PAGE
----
This possible act of self-immolation in the film happens when he sacrifices his own life by driving a lorry full of explosives into a research lab, which is part of the still functioning energy grid that is creating a world threatening instability, in order to hopefully secure a future for the world and the other two people he has met, who have bonded and formed a couple. He appears to destroy the lab just as The Effect happens once again.
In the final scene he is shown as waking from this alone in another reality and an alien landscape; this could be considered a new form of hell, one in which he is likely to be forever without companionship or even the material comforts of the consumer goods left behind after the apocalypse on earth. This ending also leaves the film ambiguous about the fate of his two companions on earth and it does not tell if they have been saved to become a new Adam and Eve or will be consumed by the Earth’s rapidly growing instability.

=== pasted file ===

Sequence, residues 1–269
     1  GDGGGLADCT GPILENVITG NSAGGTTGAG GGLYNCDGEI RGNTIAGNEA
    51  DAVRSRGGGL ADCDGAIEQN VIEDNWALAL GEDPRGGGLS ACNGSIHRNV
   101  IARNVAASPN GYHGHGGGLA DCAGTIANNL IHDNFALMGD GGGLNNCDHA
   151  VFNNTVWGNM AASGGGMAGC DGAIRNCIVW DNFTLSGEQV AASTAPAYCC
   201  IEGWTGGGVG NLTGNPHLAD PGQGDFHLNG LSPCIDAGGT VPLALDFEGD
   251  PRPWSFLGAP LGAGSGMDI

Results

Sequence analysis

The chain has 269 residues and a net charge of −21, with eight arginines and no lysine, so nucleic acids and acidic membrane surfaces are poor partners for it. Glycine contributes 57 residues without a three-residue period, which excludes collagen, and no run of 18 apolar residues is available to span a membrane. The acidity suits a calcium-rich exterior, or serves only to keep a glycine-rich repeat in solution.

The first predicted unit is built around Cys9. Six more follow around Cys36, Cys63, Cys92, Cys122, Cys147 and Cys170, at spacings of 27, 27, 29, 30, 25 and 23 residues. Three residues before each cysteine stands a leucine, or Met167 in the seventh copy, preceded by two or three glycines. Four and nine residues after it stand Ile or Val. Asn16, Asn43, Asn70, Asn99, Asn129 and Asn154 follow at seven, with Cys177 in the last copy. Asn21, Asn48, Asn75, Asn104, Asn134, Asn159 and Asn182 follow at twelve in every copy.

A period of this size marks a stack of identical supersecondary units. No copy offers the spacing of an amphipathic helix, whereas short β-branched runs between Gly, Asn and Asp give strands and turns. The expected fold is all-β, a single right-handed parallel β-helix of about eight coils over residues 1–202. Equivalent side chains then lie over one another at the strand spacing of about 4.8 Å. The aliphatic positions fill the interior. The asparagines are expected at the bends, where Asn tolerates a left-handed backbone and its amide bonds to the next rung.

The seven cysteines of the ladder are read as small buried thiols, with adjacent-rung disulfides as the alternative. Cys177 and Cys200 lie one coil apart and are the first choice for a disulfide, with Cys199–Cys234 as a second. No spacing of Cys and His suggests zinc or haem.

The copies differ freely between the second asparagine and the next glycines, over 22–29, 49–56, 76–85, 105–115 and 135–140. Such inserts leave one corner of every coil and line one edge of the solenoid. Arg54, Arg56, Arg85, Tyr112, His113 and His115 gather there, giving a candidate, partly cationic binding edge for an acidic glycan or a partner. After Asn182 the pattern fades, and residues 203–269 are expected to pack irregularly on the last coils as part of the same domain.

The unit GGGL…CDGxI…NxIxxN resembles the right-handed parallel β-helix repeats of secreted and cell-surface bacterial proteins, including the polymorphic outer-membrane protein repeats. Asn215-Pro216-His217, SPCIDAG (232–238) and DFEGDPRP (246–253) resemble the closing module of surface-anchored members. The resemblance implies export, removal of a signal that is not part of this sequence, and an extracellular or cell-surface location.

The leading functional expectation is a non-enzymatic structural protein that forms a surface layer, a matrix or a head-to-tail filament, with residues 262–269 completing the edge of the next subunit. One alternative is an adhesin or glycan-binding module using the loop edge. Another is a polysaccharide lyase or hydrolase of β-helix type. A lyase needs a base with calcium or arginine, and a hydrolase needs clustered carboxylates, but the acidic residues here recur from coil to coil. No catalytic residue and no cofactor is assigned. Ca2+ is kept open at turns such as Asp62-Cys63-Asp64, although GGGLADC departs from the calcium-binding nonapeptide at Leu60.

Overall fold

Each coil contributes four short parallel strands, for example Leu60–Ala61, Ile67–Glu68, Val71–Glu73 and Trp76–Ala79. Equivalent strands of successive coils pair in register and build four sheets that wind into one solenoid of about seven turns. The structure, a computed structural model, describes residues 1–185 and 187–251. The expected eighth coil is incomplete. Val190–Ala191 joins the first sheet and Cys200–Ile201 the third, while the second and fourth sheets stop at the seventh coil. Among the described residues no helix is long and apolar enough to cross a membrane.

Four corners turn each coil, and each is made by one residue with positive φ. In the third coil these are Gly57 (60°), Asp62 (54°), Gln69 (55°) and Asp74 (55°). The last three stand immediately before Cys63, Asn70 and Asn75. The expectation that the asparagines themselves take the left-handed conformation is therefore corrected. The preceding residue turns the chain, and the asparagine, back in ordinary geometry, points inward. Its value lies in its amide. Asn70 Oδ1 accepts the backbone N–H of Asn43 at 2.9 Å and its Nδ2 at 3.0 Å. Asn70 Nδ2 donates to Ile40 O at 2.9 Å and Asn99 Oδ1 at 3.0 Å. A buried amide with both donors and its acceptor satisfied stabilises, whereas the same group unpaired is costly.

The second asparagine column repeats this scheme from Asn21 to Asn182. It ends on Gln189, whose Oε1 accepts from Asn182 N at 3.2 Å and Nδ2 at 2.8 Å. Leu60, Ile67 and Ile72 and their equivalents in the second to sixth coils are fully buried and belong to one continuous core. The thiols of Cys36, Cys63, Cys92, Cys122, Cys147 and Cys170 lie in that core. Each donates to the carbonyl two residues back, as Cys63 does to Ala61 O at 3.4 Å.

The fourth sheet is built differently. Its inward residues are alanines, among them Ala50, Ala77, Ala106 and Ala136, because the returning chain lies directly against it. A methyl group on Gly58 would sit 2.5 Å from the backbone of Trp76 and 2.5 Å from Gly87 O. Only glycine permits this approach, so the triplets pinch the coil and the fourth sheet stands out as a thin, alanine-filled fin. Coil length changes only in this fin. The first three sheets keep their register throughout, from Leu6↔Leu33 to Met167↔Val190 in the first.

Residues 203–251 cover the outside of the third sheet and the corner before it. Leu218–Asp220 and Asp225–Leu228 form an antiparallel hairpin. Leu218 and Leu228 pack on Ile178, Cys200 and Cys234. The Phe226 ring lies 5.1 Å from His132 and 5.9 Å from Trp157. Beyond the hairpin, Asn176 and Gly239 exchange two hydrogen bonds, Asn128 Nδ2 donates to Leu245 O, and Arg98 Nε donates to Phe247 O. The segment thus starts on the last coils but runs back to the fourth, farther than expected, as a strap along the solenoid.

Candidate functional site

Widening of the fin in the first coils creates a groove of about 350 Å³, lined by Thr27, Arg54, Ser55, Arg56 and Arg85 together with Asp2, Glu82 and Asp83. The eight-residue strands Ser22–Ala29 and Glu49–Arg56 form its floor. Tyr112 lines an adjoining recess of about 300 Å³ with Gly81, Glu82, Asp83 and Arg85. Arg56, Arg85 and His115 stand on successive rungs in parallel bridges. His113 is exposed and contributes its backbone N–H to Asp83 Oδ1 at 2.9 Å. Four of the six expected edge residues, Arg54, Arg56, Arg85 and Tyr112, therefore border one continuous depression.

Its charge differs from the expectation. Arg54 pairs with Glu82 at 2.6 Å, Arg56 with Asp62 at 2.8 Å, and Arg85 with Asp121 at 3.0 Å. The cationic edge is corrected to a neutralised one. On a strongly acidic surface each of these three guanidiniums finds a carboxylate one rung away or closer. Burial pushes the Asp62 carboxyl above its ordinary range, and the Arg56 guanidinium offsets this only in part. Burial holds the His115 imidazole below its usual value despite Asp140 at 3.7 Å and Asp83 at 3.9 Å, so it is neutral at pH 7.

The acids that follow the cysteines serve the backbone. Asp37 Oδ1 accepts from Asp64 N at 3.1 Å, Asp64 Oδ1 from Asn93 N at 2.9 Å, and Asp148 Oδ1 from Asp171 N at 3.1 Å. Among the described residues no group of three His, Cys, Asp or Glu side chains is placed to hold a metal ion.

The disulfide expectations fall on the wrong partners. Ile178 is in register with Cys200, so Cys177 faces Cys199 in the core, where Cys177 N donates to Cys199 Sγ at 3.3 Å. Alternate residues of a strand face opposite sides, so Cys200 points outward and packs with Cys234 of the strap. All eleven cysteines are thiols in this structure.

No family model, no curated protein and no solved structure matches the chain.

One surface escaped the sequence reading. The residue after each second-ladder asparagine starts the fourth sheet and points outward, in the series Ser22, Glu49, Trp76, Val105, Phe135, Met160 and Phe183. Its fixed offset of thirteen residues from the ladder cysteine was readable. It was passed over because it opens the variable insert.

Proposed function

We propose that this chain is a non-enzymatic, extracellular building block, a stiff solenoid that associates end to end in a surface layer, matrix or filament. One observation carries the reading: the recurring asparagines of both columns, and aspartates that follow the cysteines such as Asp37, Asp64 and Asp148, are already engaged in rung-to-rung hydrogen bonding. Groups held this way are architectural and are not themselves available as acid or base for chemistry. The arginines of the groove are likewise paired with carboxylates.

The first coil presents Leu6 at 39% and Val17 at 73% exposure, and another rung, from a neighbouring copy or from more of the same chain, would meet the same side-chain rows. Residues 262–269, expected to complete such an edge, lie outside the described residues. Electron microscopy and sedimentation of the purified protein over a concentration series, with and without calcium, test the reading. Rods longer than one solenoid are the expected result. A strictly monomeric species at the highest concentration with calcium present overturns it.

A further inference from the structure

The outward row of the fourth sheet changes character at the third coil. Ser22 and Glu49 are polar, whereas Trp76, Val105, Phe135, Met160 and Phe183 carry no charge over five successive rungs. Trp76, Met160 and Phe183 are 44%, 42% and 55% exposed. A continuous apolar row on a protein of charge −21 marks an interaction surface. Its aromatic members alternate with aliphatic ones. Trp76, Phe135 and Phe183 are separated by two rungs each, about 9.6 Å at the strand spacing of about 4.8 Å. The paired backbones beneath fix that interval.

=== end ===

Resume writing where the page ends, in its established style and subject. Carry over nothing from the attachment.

- The Quiet Earth trailer
- The World, the Flesh and the Devil trailer
- Mad Max (1979) trailer
- Night of the Comet trailer
- Z for Zachariah (2015) trailer
- The Quiet Earth – Arrow Blu-ray release
- The World, the Flesh and the Devil DVD
Elsewhere at A Year In The Country:
- Night of the Comet – Shopping and Respect in “Empty Cities” at the End of the World – Part 1: Wanderings 4/52
- Night of the Comet – Post-Apocalyptic Positivity in “Empty Cities” at the End of the World – Part 2: Wanderings 6/52
- Z For Zachariah: Audio Visual Transmission Guide #45/52a